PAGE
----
Roger Hauert – Minou Drouet (1956) (3)

A more extravagant version of Minou’s early childhood is given by Charles Templeton in An Anecdotal Memoir:

Minou Drouet’s mother was a prostitute and her father a field hand. As an infant she was taken into the home of a middle-aged woman, whose ambition to write well exceeded her talent. She adopted the child and raised her with love, surrounding her with music in a home dedicated to literature. It appeared that Minou was retarded. At six she hadn’t spoken a word. The judgment of four doctors was that she would never be normal.

One day, her mother played a recording of a Brahms symphony for her. Minou swooned. When she was revived, she spoke perfect French in complex sentences. Shortly thereafter she began to write poetry.

Similarly, Carol Mavor writes in “Tragic Candy, Time” (an article leaning towards post-modern speculations and titillation):

Her father was a very poor field hand. Many said that her mother was a prostitute.

By age six, little Minou still had not spoken a word. She was tight-lipped and silent.

In fact, Minou’s childhood has been surrounded by mystery, and fantastic tales have been told about her. Ms. Drouet herself seemed to be involved in fortune telling through cards or reading lines in hands. According to a French online article, Ms. Drouet told the author that Minou possessed a gift of clairvoyance; she could foretell exactly a visit or a death. When the controversy erupted about the authorship of her published poems, some critics hypothesized that her mother had hypnotized her or transmitted her poems by telepathy. The writer Louis Pauwels even hinted at “possession” and labeled her “not a case of a child prodigy,” but “a case of sorcery.”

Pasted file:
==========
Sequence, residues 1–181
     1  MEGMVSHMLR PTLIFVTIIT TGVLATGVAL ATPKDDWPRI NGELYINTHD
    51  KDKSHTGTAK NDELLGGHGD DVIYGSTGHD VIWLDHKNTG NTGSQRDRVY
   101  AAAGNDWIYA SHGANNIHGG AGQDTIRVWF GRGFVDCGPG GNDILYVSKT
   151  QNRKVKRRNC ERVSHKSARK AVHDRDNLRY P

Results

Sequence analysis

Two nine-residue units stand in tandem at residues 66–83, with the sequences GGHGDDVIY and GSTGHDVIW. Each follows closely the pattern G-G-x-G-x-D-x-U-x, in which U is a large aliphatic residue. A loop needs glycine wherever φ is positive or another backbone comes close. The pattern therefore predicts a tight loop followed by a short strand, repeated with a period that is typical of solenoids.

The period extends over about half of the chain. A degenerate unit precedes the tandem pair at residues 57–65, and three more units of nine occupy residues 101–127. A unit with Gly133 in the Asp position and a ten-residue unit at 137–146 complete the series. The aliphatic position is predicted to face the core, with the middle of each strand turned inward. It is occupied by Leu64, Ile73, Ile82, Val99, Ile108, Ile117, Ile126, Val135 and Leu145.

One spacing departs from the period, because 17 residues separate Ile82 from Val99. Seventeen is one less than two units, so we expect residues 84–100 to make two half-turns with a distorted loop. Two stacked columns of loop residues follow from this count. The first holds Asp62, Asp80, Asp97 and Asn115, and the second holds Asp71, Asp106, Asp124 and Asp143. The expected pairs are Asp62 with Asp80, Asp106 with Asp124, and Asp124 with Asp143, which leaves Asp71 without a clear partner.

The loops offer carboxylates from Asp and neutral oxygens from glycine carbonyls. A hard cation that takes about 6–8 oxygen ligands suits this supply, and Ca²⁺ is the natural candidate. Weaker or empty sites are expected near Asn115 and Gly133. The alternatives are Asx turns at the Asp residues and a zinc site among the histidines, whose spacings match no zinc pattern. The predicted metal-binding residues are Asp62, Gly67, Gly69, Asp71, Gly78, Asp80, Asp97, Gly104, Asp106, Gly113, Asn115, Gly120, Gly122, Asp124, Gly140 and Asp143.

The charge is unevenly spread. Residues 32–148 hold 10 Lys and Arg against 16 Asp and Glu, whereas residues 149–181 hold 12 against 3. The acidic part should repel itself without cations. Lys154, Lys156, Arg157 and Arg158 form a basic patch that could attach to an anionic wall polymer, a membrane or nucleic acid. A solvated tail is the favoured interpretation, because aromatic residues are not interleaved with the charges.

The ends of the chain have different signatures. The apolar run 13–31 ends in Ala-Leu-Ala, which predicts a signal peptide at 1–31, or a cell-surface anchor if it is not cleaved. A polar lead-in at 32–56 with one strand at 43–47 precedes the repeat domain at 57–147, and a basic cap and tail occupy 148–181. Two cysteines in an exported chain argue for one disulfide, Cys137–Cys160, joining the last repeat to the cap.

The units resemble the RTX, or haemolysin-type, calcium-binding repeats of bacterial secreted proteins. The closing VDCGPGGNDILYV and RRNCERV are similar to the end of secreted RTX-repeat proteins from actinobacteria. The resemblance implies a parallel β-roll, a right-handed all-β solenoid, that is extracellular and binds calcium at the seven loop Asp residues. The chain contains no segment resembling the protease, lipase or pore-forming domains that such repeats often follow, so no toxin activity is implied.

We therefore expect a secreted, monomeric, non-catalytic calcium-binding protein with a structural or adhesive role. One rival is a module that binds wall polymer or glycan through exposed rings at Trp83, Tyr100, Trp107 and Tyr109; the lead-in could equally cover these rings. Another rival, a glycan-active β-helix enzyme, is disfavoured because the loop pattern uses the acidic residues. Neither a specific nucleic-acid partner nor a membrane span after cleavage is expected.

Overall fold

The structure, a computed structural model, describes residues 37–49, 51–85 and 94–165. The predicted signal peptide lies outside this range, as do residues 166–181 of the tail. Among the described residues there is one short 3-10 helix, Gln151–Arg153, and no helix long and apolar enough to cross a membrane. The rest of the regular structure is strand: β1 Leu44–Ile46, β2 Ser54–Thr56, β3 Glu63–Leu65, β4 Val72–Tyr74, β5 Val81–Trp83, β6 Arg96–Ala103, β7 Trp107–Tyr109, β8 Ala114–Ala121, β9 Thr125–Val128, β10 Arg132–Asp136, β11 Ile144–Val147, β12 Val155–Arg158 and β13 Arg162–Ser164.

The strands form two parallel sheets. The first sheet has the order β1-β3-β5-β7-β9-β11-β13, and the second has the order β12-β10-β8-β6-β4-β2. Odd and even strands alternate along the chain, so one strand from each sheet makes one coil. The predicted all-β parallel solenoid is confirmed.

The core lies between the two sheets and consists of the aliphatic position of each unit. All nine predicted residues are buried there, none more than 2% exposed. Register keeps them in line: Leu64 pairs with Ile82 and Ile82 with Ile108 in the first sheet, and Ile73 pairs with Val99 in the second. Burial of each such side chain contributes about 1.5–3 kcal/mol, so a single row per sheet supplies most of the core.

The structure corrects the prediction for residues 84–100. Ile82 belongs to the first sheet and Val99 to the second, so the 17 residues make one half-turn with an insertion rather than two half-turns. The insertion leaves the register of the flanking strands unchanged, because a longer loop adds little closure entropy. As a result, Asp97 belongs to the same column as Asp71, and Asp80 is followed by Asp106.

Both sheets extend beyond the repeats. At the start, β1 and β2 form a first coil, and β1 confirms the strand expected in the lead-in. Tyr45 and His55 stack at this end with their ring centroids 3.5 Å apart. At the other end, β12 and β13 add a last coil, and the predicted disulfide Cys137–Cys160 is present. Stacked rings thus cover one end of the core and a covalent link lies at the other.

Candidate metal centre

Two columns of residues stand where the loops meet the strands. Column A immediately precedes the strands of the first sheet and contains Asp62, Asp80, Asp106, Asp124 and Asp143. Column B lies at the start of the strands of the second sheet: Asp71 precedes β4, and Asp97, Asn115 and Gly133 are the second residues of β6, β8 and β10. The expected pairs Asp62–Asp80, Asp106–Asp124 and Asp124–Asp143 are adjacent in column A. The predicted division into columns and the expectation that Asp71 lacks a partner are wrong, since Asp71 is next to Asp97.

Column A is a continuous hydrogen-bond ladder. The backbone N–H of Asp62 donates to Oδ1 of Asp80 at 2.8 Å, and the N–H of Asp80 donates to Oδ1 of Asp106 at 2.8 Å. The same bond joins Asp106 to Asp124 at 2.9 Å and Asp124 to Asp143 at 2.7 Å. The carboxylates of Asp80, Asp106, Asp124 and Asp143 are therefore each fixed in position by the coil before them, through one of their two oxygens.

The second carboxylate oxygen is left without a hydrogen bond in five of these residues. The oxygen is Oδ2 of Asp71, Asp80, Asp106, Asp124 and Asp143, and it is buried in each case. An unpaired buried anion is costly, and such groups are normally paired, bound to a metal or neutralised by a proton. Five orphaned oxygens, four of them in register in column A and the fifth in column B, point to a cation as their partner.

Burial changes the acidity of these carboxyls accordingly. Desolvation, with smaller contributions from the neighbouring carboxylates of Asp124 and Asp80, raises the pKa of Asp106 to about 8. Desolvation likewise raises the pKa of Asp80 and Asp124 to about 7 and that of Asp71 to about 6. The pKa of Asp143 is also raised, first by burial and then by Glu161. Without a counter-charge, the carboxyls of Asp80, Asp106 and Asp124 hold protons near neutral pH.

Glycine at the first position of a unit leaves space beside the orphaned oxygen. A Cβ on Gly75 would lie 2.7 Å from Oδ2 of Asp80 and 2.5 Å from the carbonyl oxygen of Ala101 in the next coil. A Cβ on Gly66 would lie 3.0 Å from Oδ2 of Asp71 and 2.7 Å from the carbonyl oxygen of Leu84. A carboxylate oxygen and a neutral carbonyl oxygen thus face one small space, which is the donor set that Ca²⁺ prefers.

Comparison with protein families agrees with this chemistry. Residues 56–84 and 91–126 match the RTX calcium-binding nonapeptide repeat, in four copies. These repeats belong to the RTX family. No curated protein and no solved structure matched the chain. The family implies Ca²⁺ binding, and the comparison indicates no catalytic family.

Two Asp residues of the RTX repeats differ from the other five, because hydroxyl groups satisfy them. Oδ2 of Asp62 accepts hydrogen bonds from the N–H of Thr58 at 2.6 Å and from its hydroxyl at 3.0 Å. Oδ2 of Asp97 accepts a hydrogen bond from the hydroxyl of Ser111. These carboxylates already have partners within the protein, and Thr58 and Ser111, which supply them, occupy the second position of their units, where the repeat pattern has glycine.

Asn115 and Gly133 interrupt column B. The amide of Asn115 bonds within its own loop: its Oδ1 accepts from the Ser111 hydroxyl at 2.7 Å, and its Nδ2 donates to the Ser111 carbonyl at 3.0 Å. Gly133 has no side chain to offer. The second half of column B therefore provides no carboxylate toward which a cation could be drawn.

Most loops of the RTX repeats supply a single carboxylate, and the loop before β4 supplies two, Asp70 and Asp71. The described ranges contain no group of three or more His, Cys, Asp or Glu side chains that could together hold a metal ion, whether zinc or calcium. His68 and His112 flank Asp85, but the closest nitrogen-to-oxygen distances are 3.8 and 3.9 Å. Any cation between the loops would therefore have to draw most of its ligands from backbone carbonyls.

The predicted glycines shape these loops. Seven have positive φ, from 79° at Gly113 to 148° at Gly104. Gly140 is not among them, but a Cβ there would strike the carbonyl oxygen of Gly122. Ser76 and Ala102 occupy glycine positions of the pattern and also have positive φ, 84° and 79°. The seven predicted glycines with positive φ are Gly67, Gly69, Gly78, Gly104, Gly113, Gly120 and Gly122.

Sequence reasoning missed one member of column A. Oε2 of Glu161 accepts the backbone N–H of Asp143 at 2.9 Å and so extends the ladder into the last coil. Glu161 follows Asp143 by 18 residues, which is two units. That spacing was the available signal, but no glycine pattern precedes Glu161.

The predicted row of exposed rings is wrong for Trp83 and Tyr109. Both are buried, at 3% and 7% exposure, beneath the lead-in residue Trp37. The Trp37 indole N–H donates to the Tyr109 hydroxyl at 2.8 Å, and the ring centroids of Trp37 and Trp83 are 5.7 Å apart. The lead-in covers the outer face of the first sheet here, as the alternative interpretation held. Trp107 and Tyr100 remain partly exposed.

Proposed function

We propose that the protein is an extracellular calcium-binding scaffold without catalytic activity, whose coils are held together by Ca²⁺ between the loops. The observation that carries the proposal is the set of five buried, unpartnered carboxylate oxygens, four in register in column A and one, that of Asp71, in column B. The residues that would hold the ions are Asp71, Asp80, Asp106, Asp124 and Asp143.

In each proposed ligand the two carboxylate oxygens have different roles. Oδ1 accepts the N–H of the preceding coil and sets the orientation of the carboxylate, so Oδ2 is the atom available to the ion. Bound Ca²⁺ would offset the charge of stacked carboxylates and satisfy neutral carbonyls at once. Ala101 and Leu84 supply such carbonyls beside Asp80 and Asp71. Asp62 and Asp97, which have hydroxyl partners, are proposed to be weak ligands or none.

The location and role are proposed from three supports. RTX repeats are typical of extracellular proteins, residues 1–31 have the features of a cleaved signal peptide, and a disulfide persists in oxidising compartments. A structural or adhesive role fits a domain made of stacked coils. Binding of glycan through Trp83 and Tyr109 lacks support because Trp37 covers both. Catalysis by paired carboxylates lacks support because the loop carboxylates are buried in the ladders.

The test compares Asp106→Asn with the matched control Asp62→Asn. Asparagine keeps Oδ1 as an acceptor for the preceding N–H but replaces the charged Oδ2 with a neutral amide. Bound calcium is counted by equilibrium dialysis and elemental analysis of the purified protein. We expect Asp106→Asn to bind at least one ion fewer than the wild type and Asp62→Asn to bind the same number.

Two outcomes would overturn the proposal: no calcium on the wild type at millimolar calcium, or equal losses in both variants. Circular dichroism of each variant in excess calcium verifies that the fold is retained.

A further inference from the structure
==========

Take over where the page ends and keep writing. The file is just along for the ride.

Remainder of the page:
Roger Hauert – Minou Drouet with Lucette Descaves (1956)

In 1954, Minou started piano lessons first with a tutor, Ninette Ellia. The latter put her in contact with famous pianists: Alfred Cortot, Yves Nat, and foremost Lucette Descaves, professor at the Conservatoire de Paris, who took Minou as pupil on July 29, 1954. Minou, an affectionate child, developed strong feelings for her teacher and sent her letters full of love, together with poems. Ms. Descaves showed them to professor Pasteur Vallery-Radot of the French Academy, who became immediately fascinated, and remained afterwards a staunch supporter of Minou’s exceptional talents. He told about her to the publisher René Julliard. Ms. Descaves entrusted Julliard with a batch of Minou’s writings, and Julliard met Minou on May 6, 1955.

Then things started to move fast. Professor Paufique, an ophthalmologist in Lyon, operated successfully on her eyes. In September, Julliard made a private edition of a booklet with a selection of poems and letters by Minou. A controversy immediately erupted, involving the major French media. Some disagreements concerned the quality of her poems, but mainly it dealt with her authorship, many stating that it was an imposture, that her adoptive mother had written the poems and letters herself. Templeton writes (getting wrong with Minou’s age, she was then aged 8, not 6):

Some of the poems were published and immediately provoked debate. It was said that no child of six could possibly have such thoughts, much less express them so profoundly. It was argued that, unlike music, poetry demands an experience of life, experience that no child so young could have had. It was charged that her adoptive mother — a poet herself who aspired to recognition but had been judged second-rate — was the author of the verses.

Several journals sent reporters to interview the Drouet family. In particular the magazine Elle sent a journalist and a photographer for an “investigation,” then published their report, claiming to give a “proof” of forgery. This article was shown to Minou. Also journalists revealed her adopted child status, something that Claude Drouet had hidden her in order to protect her. Many letters of Minou published later show the deep hurt felt by that sensitive girl, resenting the cruelty and wickedness of people; in a very sad one of them, addressed to her mother, she compares herself to a frightening cat whose whiskers have been cut out, or to an old castle surrounded by moat.